London dispersion forces and dipole-dipole forces are subsets of Van der Walls forces, which themselves are the weakest intermolecular forces. Intermolecular forces directly determine properties like melting point, boiling point, and viscosity. London dispersion is most easily noticed in nonpolar molecules, where stronger IMFs don’t drown out the London dispersion.
London dispersion forces are the weakest of the three types of intermolecular forces. London dispersion forces are actually what hold many substances together. Real-life examples include gasoline and petroleum jelly, which are mostly make of alkanes of varying lengths. Alkanes are non-polar and exhibit no hydrogen bonding, so Van der Waals London dispersion are the only IMFs they exhibit.
Temporary polarity resulting from unsymmetrical distribution of electrons creates an attractive force in otherwise nonpolar molecules like Br2.
Let’s say we’ve got a single dibromide molecule like the one above. The two atoms in the molecule are identical, so it might seem at first that the electrons will have a symmetrical distribution, but that’s an oversimplification.
Electron density will actually oscillate—this happens because electrons aren’t point-objects; it might help to think about them as clouds of probability. Those partial charges will oscillate as electron density moves around; those partial positive charges result from lack of electron density.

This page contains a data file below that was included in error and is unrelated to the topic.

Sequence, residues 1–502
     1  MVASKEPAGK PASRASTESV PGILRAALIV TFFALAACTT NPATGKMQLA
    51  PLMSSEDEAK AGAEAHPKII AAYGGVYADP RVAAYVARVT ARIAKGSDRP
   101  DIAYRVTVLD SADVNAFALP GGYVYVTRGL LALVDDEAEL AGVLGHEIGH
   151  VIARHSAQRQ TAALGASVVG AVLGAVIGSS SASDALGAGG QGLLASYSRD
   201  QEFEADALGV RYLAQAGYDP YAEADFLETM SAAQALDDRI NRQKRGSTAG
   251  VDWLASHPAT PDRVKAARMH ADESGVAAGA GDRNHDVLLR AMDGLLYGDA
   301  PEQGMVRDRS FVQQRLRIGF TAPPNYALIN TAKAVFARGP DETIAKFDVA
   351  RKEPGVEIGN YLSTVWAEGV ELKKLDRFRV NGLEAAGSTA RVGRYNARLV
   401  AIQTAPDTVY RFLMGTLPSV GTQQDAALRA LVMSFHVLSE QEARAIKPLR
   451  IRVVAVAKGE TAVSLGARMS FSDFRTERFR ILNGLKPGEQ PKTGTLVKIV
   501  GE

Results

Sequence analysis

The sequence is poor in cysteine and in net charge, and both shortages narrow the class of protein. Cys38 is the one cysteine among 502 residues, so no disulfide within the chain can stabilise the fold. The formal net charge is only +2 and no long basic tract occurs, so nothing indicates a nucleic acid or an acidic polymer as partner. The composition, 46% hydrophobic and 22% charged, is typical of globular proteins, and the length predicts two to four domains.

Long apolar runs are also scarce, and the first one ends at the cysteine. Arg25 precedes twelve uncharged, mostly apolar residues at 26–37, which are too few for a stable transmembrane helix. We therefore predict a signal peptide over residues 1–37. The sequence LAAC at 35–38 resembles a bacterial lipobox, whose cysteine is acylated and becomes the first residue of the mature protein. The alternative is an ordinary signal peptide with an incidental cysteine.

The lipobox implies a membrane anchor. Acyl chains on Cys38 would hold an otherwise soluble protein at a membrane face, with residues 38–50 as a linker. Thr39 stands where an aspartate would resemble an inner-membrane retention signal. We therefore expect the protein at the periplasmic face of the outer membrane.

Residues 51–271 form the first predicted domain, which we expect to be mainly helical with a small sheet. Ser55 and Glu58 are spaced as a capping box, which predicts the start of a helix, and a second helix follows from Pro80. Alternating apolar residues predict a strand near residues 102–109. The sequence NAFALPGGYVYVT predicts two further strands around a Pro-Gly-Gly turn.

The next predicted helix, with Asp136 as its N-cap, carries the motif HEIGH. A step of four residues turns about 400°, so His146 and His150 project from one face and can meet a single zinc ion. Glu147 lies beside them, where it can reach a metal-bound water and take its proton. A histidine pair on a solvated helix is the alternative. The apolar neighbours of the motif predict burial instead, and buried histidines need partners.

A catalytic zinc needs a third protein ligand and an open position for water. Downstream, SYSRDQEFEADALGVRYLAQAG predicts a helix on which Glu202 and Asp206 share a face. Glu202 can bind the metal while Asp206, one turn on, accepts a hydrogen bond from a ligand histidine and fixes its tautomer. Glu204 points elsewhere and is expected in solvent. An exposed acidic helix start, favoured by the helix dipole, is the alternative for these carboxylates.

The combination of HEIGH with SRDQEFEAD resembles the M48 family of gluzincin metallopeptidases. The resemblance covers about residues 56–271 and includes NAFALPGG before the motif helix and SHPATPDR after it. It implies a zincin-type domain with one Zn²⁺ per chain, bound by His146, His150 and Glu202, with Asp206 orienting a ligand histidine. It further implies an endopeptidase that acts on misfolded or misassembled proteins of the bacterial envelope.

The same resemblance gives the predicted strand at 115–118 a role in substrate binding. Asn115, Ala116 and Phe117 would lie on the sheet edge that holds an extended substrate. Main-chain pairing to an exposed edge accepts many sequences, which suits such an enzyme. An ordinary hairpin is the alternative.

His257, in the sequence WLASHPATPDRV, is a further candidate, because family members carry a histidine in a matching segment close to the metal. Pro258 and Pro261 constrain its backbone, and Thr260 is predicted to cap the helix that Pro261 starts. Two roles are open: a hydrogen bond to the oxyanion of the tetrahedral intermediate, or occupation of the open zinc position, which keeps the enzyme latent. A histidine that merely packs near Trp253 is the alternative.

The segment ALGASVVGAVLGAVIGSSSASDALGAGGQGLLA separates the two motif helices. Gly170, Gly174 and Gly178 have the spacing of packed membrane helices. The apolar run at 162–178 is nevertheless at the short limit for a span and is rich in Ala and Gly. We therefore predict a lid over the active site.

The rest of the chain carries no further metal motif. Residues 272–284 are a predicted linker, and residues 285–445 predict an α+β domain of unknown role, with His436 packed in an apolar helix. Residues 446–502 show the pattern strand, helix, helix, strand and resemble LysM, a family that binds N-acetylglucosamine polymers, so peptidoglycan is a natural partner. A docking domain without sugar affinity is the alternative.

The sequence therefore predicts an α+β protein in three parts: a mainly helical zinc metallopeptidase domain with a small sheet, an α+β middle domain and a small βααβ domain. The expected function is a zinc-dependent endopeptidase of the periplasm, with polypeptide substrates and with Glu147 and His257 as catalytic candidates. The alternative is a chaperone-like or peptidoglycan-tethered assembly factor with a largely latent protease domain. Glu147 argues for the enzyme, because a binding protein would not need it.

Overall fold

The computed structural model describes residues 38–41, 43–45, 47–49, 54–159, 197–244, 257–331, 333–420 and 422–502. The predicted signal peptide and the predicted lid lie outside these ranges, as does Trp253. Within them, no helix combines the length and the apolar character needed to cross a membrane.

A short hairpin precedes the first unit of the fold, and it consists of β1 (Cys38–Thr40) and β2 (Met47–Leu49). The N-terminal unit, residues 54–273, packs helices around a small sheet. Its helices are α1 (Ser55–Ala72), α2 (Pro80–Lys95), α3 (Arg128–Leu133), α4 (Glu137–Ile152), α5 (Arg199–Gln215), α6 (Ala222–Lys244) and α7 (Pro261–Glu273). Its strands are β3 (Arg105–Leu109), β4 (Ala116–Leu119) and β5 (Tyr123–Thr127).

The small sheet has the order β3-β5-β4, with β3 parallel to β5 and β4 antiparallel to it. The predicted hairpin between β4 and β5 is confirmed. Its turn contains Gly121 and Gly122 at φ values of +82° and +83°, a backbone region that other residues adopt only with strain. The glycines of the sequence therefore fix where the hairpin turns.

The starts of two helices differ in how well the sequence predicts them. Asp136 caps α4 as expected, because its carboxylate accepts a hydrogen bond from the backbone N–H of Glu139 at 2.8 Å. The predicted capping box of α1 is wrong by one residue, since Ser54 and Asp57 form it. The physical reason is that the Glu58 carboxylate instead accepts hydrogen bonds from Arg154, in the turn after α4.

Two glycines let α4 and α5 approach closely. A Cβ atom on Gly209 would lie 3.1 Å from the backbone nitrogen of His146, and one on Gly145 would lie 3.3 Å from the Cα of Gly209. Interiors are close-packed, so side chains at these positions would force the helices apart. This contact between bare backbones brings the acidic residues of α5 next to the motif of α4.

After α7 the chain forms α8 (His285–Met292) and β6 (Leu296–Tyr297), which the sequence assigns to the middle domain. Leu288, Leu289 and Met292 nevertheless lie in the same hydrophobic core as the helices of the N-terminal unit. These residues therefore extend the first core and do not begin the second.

Of course, molecules don’t exist in isolation. Let’s look at what happens when there are more dibromide molecules in the area. Those temporary dipoles will actually induce dipoles in neighboring molecules. That makes sense if you think about it in terms of electron density. Electrons will repel each other, so a partial negative in one bromine will push electron density away in a neighboring dibromide. This results in a relatively stable attractive force between the partial negative and induced partial positive.
The dibromides will actually line up with each other with opposite partial charges facing each other. This trend can continue indefinitely and isn’t limited to a single dimension like in the diagram above.
The strength of London dispersion forces is influenced by molecular size and molecular shape. Basically, the larger the molecule is, the more surface area there generally is for partial charges to develop. Based on that idea, which of the following molecules would you expect to have the higher boiling point? Remember that boiling point is directly determined by intermolecular forces.
Ding ding! The answer is pentane! The boiling point of propane is -42ºC and the boiling point of n-pentane is 36.1ºC.
So that tackles the size… but what about shape? Let’s look at three molecules with 5 carbons: cyclopentane, n-pentane, and 2-methylbutane. Try to order them in order of increasing boiling point. Think about the ways that the molecules can arrange themselves to maximize contact.
Cyclic compounds can stack pretty easily since their sigma bonds don’t really rotate too much, but chain compounds do rotate around a lot. Branched chain hydrocarbons also rotate, but they have the extra substituents that prevent overlap.
The general order of increasing London dispersion forces, and therefore boiling points, is ring > straight chain > branched chain. The boiling points of the above compounds are as follows:
Boiling Point (ºC)
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